So, you’ll be aware that I recently read A Week at the Airport by Alain de Botton. While I was fairly underwhelmed by the previous title, I felt that the writing was promising, and had heard only wonderful things about de Botton’s work, so I felt that a second-chance was due. I’m so very, very glad I did. I took philosophy in the first year of my Arts degree, and loved it, even though I’m not very sure that I understood it. I didn’t pursue it because I was given a scholarship to study Literature & History, but I would’ve loved to continue with it, if not for the money. Mind you, I also felt as though even though it was a fun flight of fancy to sit around pondering big questions without really giving any answers, I never really saw the potential of philosophy of having any practical application to life. Lofty ideas on ivory towers, really.
De Botton has changed that. Well, perhaps not changed it, but at least made those lofty ideas applicable to the everyman, in a way they just might be able to use or at very least understand. What a spectacular book.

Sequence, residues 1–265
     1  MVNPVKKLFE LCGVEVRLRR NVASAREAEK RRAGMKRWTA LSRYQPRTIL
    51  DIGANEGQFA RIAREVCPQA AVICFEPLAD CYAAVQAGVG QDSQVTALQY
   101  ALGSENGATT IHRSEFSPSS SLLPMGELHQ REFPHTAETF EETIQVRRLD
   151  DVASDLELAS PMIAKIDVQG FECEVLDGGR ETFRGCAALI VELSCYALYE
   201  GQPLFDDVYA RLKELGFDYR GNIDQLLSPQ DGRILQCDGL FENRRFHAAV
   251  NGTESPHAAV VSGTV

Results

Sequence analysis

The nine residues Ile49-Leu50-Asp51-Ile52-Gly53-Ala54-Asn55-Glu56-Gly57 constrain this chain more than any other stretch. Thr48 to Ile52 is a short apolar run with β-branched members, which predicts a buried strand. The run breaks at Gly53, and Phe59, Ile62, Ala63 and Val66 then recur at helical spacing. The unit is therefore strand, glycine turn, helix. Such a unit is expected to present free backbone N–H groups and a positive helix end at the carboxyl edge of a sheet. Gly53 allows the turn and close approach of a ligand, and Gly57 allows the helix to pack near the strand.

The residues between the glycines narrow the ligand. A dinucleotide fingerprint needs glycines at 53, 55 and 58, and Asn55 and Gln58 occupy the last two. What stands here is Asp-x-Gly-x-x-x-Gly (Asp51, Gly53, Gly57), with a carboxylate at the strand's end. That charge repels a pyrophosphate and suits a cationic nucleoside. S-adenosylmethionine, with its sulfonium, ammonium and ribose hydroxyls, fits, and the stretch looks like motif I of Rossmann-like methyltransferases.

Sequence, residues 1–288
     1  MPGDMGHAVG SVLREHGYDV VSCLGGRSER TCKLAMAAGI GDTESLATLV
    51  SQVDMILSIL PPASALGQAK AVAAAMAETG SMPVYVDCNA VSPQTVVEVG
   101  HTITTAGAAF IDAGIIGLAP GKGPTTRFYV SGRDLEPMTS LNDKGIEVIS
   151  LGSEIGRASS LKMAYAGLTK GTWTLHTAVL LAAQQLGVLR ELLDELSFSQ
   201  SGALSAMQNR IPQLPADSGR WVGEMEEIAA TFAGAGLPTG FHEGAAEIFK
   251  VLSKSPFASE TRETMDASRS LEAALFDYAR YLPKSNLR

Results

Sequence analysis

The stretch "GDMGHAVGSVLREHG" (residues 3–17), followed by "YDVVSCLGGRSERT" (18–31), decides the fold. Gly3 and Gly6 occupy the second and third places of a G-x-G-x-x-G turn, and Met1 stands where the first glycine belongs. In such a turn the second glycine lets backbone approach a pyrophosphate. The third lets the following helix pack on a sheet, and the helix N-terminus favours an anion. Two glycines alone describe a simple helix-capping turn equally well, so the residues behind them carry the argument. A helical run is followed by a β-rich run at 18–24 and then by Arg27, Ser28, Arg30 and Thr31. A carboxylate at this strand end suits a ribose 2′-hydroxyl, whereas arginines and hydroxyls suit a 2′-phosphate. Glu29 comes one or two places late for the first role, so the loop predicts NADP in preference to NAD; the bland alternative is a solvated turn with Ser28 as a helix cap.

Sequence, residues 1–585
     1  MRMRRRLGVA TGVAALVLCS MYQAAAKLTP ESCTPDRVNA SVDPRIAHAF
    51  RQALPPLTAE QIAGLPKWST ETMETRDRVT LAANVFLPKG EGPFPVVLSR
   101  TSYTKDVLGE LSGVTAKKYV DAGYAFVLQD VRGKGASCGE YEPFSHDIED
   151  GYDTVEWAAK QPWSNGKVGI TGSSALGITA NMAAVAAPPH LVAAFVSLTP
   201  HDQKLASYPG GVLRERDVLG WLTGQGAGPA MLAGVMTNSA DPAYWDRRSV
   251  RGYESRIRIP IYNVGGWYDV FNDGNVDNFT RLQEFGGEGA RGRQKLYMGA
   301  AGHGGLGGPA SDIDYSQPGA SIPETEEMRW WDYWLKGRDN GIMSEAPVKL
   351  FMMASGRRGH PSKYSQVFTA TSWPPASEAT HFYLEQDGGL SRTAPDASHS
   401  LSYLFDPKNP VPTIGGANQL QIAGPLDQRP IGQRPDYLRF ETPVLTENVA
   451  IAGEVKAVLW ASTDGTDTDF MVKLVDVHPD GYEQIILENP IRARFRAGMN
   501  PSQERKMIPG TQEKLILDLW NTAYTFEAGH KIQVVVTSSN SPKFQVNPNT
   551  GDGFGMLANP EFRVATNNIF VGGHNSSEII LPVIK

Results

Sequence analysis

De Botton takes the time to look at some of life’s big challenges through the lens of one school of philosophical thought:
- Consolation for Unpopularity (Socrates)
- Consolation for Not Having Enough Money (Epicurus)
- Consolation for Frustration (Seneca)
- Consolation for Inadequacy (Montaigne)
- Consolation for a Broken Heart (Schopenhauer)
- Consolation for Difficulties (Nietzsche)
My particular favourite was the chapter on Epicurus (what does that say about me, I wonder? Well, I’m a stay at home mum who used to earn a university educator’s salary. I’m feeling the lack of money these days. Kids are expensive!). More than that, though, it was nice to relive that philosophical part of me that hasn’t been indulged for quite some time. Books like this make philosophy no longer just the exclusive domain for academia and ivory towers, but a useful part of everyday life.
What’s the lesson? Philosophy is awesome, and so is Alain de Botton! (Not my most poignant lesson, I realise. Perhaps I need to re-read Consolation for Inadequacy!)